Disruption to social dyadic interactions but not emotional/anxiety-related behaviour in mice with heterozygous 'knockout' of the schizophrenia risk gene neuregulin-1.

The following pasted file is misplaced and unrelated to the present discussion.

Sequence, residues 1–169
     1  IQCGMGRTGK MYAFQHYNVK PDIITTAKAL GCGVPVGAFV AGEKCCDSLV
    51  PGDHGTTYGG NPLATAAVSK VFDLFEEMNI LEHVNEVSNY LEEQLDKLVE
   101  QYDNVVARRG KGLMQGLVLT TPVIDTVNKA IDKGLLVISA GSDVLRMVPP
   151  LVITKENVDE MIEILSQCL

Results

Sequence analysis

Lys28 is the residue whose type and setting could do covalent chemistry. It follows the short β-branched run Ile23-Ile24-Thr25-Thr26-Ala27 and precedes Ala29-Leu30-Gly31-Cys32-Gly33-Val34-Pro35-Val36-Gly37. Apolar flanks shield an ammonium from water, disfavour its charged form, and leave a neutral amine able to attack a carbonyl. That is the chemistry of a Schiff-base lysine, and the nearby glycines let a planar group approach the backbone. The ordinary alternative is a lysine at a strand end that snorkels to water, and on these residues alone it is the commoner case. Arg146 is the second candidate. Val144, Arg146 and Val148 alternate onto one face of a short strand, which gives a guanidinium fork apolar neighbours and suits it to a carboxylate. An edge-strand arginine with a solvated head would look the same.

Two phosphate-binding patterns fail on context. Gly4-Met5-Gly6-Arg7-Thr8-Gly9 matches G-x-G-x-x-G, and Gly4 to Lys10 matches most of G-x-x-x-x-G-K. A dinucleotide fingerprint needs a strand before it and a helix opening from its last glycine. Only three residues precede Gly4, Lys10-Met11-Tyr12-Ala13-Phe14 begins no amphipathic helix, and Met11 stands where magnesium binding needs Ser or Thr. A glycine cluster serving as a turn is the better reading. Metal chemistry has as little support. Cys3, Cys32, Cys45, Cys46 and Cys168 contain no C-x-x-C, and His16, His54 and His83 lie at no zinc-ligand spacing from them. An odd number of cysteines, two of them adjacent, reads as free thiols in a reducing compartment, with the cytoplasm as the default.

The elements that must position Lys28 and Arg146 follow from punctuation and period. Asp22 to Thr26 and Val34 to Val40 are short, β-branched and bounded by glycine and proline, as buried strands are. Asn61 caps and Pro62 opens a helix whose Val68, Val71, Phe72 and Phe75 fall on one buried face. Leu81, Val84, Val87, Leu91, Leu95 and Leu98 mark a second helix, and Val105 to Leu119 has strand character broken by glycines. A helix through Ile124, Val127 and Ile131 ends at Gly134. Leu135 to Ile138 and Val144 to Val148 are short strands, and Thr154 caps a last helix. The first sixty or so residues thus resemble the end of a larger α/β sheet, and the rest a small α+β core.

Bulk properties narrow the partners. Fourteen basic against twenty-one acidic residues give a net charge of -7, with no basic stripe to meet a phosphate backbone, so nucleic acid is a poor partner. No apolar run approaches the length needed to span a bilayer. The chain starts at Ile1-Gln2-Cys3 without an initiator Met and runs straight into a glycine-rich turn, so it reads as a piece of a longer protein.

Clinical genetic studies have implicated neuregulin-1 [NRG1] as a leading susceptibility gene for schizophrenia. NRG1 is known to play a significant role in the developing brain, which is consistent with the prevailing neurodevelopmental model of schizophrenia. Thus, the emotional and social phenotype of adult mice with heterozygous 'knockout' of transmembrane [TM]-domain NRG1 was examined further in both sexes. Emotional/anxiety-related behaviour was assessed using the elevated plus-maze and the light-dark test. Social behaviour was examined in terms of dyadic interactions between NRG1 mutants and an unfamiliar C57BL6 conspecific in a novel environment. There was no effect of NRG1 genotype on performance in either test of emotionality/anxiety. However, previous reports of hyperactivity in NRG1 mutants were confirmed in both paradigms. In the test of social interaction, aggressive following was increased in NRG1 mutants of both sexes, together with an increase in walkovers in female mutants. These findings elaborate the specificity of the NRG1 phenotype for the social rather than the emotional/anxiety-related domain. They indicate that NRG1 is involved in the regulation of reciprocal social interaction behaviour and thus suggest a putative role for NRG1 in a schizophrenia-related endophenotype.